In about 15 hours from now, Dr. Cantu will begin to bring Elana out of the Coma. While they stopped giving her ketamine today, they decided to keep her down for one more day (using only propofol) to help soften the "re-entry".
I hope it helps because I have been told to expect some pretty crazy stuff over the next few days. Apparently, some patients even have temporary memory loss and don't recognize their spouses, children etc. That will all pass in time. The key is to just keep her as calm as possible and not let Elana injure herself.
I'm not counting any chickens here, but so far Elana has had a relatively uneventful coma. I have no idea that that means going forward, or if it has any correlation to the potential success of the coma. I figure it can't be a bad thing.
I wish there was more I could say or do. I may have to go offline for a day or two as I will be with Elana around the clock pretty much the rest of the time we are here. Maybe there will be a chance to give a quick update. Either way, THERE WILL NOT BE ANY WAY TO DETERMINE THE SUCCESS OF THE COMA UNTIL AFTER WE GET HOME. While the Coma week is all about getting through safely, Post-Coma is all about nursing back to health so she can travel back to Miami. We are not even allowed to ask her about her pain. The reason for this is that she is definitely going to be in pain after the Coma. She is going to feel like a train ran over her. Therefore, we don't want her thinking or confusing the Coma pain with the RSD pain, if the RSD pain has indeed subsided in full or in part.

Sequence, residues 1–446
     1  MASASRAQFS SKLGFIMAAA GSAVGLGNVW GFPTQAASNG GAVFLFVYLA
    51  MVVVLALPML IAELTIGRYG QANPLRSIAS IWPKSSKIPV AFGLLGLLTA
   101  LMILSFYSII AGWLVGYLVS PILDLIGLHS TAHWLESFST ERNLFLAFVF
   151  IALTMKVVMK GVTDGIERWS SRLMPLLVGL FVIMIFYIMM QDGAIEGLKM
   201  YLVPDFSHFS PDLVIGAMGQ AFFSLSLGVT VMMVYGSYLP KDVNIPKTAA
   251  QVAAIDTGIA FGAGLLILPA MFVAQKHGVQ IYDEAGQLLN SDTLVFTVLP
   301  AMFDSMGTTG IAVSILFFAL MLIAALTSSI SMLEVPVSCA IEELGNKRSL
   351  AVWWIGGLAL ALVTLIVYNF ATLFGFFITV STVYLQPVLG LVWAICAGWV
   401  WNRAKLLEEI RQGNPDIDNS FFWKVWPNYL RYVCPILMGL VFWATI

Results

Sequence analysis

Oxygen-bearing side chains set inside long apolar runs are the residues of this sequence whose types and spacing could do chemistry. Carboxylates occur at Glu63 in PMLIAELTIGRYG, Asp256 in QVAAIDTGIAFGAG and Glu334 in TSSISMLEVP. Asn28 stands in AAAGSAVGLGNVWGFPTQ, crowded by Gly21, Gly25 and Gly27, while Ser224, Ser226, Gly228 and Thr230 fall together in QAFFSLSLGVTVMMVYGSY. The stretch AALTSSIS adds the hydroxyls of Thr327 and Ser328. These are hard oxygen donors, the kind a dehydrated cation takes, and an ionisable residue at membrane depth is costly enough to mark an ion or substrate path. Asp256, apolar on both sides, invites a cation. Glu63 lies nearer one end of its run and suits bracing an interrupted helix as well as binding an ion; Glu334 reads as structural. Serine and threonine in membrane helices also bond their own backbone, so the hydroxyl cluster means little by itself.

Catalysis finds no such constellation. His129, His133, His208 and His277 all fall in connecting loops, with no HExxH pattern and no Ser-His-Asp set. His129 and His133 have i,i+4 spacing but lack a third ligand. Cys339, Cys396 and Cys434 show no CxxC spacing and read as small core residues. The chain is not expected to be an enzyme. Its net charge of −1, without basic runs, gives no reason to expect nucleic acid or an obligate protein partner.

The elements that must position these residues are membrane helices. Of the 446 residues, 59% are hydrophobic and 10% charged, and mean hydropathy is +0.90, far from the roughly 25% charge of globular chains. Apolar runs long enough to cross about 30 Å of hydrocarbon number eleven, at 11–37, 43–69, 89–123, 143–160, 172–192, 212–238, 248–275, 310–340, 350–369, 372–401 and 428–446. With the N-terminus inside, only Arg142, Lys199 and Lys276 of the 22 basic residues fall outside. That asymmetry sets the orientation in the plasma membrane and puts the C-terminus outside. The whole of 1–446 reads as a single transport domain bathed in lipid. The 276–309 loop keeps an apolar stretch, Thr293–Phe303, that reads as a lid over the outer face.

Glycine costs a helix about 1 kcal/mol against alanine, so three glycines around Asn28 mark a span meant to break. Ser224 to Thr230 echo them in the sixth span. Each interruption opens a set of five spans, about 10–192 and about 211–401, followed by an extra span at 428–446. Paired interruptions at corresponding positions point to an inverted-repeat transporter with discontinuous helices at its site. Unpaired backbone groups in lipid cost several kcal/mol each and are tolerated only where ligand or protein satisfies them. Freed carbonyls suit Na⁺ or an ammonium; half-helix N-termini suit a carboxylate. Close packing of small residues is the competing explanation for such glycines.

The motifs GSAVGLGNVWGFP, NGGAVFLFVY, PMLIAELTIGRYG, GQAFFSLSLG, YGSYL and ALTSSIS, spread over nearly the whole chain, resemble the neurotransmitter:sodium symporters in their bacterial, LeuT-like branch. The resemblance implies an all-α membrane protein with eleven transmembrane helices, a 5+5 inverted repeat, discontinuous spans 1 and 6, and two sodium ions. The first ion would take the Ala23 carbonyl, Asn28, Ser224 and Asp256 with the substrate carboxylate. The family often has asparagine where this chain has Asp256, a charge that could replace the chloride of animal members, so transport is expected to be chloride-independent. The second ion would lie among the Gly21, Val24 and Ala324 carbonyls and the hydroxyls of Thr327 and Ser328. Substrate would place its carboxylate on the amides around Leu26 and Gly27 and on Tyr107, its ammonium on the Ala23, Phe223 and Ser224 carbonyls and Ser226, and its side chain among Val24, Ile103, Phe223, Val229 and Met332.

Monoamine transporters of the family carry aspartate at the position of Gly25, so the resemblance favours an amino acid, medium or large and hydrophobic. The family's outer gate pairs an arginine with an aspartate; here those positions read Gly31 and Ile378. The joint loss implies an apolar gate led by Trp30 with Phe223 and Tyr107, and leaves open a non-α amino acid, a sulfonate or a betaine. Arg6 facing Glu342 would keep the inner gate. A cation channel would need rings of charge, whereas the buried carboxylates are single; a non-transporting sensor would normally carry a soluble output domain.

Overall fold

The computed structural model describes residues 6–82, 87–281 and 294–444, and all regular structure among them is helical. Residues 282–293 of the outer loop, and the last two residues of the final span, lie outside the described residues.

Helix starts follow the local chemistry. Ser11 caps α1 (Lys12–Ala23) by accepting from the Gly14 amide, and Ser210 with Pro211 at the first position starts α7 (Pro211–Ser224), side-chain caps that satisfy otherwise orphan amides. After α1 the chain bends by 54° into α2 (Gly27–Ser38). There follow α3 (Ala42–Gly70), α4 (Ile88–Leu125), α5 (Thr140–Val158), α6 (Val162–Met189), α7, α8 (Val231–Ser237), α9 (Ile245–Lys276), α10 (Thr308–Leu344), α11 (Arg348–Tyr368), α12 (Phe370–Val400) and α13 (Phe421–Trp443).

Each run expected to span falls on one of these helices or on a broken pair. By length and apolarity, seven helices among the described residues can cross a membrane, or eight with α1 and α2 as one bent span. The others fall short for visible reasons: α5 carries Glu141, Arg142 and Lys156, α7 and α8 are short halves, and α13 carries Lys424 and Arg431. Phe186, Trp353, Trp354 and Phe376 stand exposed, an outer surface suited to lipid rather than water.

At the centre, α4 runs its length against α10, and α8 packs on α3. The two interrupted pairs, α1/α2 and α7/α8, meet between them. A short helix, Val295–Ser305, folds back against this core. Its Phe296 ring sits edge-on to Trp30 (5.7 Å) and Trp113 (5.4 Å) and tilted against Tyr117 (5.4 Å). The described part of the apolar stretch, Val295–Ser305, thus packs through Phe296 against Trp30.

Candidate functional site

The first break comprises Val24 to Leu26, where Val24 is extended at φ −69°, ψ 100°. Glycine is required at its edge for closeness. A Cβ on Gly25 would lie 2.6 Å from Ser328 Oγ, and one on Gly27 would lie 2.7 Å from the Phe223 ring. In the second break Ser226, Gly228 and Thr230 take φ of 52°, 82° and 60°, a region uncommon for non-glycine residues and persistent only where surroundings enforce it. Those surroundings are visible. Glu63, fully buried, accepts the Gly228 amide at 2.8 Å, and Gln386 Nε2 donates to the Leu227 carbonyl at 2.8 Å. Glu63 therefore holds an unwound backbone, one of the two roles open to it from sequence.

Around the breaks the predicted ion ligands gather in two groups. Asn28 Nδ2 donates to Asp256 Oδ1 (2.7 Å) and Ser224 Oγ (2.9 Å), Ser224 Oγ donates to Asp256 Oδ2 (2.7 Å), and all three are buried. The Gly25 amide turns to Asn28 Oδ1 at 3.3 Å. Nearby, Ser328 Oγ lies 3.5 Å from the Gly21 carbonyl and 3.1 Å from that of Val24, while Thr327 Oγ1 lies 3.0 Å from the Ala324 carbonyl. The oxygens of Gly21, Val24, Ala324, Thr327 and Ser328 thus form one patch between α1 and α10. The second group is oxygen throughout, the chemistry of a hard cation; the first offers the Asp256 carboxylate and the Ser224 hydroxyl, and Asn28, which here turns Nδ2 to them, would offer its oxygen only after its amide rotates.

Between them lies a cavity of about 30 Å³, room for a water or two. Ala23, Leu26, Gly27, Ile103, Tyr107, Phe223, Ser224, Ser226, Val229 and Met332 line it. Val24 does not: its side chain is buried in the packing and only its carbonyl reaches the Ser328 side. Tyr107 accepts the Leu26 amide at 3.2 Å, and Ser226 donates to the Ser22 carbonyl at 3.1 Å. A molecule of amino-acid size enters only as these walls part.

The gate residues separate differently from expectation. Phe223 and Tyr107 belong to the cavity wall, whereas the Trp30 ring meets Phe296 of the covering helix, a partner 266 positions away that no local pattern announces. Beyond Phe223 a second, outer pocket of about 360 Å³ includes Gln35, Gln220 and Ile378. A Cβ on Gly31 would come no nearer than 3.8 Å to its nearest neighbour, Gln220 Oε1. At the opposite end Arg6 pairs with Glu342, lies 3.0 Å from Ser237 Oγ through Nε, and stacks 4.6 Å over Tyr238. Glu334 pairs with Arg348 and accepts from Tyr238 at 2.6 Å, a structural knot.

Remember this is a disorder of the Auto-Nervous system. The ketamine coma is all about shutting down and re-training the brain. I guess the best way to think of it is that the pain alarm went off in her body two years ago and never stopped. Imagine the most painful thing that you have ever endured and then imagine that pain as constant for two years. Then imagine the pain increasing with each passing month. That is RSD. Everyone would always ask me how Elana was doing and was she having a good day. Unfortunately, the answer for an RSD patient is "There are no good days, only bad days and worse days". If you can't imagine or fathom it, you are not alone, neither can I.
Lets hope and pray good days lie ahead.
All of your e-mails, voicemails and blog comments helped me get through the week. I am forever grateful.